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By Brad Cook | March 1, 2007

Yes, there are mountains of fan-made “Star Wars” movies out there, from recuts of the films to original stories to silly documentaries. “Returning to Jedi” is different, however. Taking Garrett Gilchrist’s “Deleted Magic” as his cue, Jambe Davdar created “Building Empire” and “Returning to Jedi,” documentaries that mix the movies with rare behind-the-scenes footage, text factoids, interesting bits from commentaries and interviews, and more.

So, for example, as the “Star Wars” logo recedes into the stars at the beginning of “Returning Jedi,” we hear producer Howard Kazanjian, in an excerpt from the 2004 DVD commentary, talk about how George Lucas came to him and said that the title of episode six would be “Revenge of the Jedi.” As the now-famous scroll rises from the bottom of the screen, we see the “Revenge of the Jedi” title below “Episode VI.” Then Kazanjian recalls that Lucas changed his mind, and the words roll back into the bottom of the screen, followed the final title rising into the frame.

From there, we move to an interview excerpt from now-deceased director Richard Marquand, talking in 1983 about how he wanted to bring each main character into the story one at a time, among other things. Then we hear a comment from Lucas circa 1985, as we watch Vader’s shuttle approach the new Death Star. We see the original matte painting for the side-view shot of the shuttle heading into the Death Star landing bay, and then we’re treated to early sketches of the city planet Coruscant, which was originally supposed to be shown in the beginning of the film. As Vader disembarks from the shuttle, we learn, via a text note at the bottom of the screen, that the set for the landing bay was built on the largest soundstage in Europe at the time, and a supermarket now sits there.

And so forth. Davdar leaves no stone unturned as the movie progresses, showing us as much information as he can about everything, including various deleted scenes, such as an early one that was supposed to show Luke building his lightsaber in a cave on Tatooine. I consider myself a fan of the movies (admittedly, “A New Hope” and “The Empire Strikes Back” more so than “Return of the Jedi,” which was a mediocre effort), but I still learned about plenty of things I didn’t know before, such as the fact that a “Lightman” character that was supposed to appear in Jabba the Hutt’s palace. Davdar also includes many rare behind-the-scenes pictures and footage that he pulled from the over 100 sources he dug into while creating this labor of love.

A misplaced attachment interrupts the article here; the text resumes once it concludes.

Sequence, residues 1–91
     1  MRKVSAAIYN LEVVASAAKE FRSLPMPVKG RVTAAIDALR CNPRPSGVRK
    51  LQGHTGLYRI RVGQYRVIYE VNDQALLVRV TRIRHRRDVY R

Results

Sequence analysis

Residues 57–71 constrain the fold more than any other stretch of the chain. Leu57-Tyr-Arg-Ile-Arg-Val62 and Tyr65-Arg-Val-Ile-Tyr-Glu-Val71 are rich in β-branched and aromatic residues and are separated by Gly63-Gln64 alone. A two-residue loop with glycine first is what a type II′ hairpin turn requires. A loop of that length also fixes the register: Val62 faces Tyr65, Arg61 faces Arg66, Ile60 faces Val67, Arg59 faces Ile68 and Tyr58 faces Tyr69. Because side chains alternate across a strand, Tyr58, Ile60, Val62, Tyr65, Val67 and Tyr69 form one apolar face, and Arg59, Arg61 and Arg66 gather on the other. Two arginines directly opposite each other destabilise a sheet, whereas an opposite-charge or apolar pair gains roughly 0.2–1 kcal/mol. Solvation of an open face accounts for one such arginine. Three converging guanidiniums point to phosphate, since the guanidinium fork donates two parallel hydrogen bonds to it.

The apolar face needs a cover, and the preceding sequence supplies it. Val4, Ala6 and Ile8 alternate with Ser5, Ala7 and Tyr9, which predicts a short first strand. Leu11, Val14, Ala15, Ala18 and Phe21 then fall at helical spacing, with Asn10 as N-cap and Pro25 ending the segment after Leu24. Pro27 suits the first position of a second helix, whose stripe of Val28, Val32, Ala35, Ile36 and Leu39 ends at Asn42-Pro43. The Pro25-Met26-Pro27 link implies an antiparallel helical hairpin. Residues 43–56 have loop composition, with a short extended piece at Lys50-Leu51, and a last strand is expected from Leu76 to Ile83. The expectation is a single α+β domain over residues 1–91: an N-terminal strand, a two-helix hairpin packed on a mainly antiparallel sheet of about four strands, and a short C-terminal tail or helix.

So where can you find “Returning to Jedi”? It’s available in a series of 21 parts on YouTube, or you can download the nearly 5GB DVD from one of many BitTorrent locations. Or you can visit the message boards and see if you can find someone willing to burn you a copy on DVD.

If you can get your hands on the DVD, you’ll be treated to a few extras: alternative music for the battle at the Sarlaac Pit; a comparison between the animatic made with action figures and the final version of the speeder bike chase; and the “Revenge of the Jedi” opening crawl. Davdar also includes a teaser and a trailer for his documentary. You should be able to find some sources on for DVD cover art, so you can print out something spiffy to place in a DVD case. Overall, it’s a nice addition to any “Star Wars” fan’s collection, especially considering how little in the way of original trilogy supplements Lucasfilm has released on DVD, aside from that great documentary in the 2004 DVD set.

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